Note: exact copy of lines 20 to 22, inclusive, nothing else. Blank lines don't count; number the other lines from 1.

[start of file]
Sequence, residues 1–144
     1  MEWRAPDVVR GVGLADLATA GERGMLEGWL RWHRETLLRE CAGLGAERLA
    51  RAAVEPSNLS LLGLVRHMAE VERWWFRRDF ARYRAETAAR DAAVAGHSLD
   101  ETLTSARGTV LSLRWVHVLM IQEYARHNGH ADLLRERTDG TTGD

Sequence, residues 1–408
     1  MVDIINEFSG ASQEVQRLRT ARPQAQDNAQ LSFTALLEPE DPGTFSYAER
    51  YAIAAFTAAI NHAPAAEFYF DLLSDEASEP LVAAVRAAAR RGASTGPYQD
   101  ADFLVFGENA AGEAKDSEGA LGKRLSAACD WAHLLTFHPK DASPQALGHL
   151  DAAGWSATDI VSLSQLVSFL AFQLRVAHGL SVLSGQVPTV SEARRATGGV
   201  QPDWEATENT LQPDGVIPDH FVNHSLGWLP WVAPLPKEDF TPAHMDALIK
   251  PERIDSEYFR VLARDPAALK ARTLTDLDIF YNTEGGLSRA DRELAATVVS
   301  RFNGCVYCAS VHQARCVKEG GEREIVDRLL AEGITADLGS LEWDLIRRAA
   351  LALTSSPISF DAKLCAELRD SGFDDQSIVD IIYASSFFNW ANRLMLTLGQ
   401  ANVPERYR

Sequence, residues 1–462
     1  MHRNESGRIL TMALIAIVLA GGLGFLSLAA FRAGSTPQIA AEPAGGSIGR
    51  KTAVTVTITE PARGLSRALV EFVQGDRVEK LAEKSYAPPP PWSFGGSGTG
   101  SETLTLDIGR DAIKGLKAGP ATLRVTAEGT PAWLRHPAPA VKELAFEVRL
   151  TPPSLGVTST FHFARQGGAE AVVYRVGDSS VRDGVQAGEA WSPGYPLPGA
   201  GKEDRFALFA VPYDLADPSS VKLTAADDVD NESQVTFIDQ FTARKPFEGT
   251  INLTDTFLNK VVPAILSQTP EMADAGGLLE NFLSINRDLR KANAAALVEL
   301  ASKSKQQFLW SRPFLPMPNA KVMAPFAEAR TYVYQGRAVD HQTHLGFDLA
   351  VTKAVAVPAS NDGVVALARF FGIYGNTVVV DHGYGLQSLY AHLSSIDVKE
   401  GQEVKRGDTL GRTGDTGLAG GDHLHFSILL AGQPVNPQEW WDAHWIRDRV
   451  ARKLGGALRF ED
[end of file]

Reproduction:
   201  GKEDRFALFA VPYDLADPSS VKLTAADDVD NESQVTFIDQ FTARKPFEGT
   251  INLTDTFLNK VVPAILSQTP EMADAGGLLE NFLSINRDLR KANAAALVEL
   301  ASKSKQQFLW SRPFLPMPNA KVMAPFAEAR TYVYQGRAVD HQTHLGFDLA